A timeshare is a form of ownership or right to the use of a property, or the term used to describe such properties. These properties are typically resort condominium units, in which multiple parties hold rights to use the property, and each sharer is allotted a period of time (typically one week, and almost always the same time every year) in which they may use the property. Units may be on a part-ownership or lease/”right to use” basis, in which the sharer holds no claim to ownership of the property.
The notion of the term “time-share” was originally created in Europe in the 1960s. Hapimag, a ski resort developer in the French Alps, was experiencing trouble finding customers for his high priced resort. Realizing that coffee shops sold cake only by the slice (since the entire cake was too expensive and could not be consumed at one sitting) he marketed his resort by encouraging guests to “stop renting a room” and, instead, “buy the hotel”. Success followed and the concept of partial ownership was embraced by developers worldwide, boosting sales of surplus condominium units at a time when the resort industry was depressed.
Due to the promise of exchange, these units, called “vacation ownership” by the industry, often sell regardless of their deeded resort (most are deeded into a certain resort site, though other forms of use do exist). What is not often disclosed is that all differ in trading power. If one is in Hawaii or Southern California it will exchange extremely well; however, those areas are some of the most expensive in the world, subject to demand typical of a highly trafficked vacation area. The vast majority of inventory flows briskly through two international exchange companies: RCI and Interval International (II).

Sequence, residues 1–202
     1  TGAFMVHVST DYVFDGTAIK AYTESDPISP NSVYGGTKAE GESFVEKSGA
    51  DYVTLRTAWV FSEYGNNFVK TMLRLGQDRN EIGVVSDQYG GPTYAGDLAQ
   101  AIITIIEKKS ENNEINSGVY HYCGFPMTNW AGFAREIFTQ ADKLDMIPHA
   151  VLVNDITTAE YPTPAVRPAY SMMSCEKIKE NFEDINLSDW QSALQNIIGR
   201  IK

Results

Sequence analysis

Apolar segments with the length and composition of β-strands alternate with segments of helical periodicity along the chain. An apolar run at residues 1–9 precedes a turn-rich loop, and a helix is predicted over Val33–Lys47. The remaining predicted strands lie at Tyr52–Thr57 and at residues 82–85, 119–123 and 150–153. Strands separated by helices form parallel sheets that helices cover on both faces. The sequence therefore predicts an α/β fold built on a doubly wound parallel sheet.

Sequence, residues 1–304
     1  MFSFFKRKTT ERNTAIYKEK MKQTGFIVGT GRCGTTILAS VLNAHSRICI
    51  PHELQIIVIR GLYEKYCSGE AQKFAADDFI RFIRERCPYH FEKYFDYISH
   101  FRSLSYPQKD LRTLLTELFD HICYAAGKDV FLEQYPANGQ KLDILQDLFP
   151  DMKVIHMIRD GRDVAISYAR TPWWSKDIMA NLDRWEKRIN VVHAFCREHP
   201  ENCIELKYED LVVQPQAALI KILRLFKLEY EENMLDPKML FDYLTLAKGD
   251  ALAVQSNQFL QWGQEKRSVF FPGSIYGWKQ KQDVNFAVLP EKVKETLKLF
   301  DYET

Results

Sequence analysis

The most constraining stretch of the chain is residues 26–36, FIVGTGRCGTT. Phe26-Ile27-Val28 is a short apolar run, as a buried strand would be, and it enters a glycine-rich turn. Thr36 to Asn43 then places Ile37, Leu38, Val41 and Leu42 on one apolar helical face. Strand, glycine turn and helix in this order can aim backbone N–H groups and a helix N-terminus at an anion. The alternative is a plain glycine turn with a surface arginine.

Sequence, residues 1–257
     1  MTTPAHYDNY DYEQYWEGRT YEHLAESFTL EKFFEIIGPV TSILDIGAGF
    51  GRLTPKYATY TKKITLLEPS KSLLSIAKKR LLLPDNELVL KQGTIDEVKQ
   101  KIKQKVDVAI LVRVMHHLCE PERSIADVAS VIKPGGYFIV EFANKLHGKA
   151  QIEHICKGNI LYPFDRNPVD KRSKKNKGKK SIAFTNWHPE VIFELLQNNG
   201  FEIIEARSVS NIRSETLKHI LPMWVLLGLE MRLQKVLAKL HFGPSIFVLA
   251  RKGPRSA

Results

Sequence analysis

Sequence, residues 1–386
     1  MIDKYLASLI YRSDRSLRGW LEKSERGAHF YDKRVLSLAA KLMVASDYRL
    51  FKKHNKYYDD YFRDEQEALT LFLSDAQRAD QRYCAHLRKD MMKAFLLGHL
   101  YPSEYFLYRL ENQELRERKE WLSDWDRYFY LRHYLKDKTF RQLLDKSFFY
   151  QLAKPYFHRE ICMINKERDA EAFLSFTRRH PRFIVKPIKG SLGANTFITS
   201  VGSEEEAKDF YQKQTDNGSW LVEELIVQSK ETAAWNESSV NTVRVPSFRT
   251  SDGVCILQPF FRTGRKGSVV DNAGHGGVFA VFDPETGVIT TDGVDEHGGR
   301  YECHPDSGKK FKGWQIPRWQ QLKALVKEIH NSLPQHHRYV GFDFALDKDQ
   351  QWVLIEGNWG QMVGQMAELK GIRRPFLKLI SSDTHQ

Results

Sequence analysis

This concept has attracted many resort developers and prominent hoteliers, such as Starwood, Wyndham, Accor, Hyatt, Hilton, Marriott, and Disney. Vacation ownership has proven to be lucrative for stakeholders in these major resort families, due to its popularity with vacation-goers. This form of lodging has spawned a variety of products sold on similar occupancy schemes; cars, planes, boats, condo-hotel units and luxury fractional properties (at which affluent guests may stay for as long as a quarter of a year, and which often command a six-figure price tag)
Scope of the industry
The scope of today’s timeshare industry in the USA is well documented. The ARDA International Foundation (AIF), which is the research arm of the American Resort Development Association (ARDA), reports there are 1,604 timeshare resorts, with 154,439 units, in the USA as of January 1, 2006 (AIF 2006). Though reportedly fewer than six percent of U.S. households own one, the prevalence of vacation ownership continues to expand. Approximately 4.4 million households own one or more U.S. weekly intervals or points-equivalent as of January 1, 2007, an increase of sixteen percent from the prior year.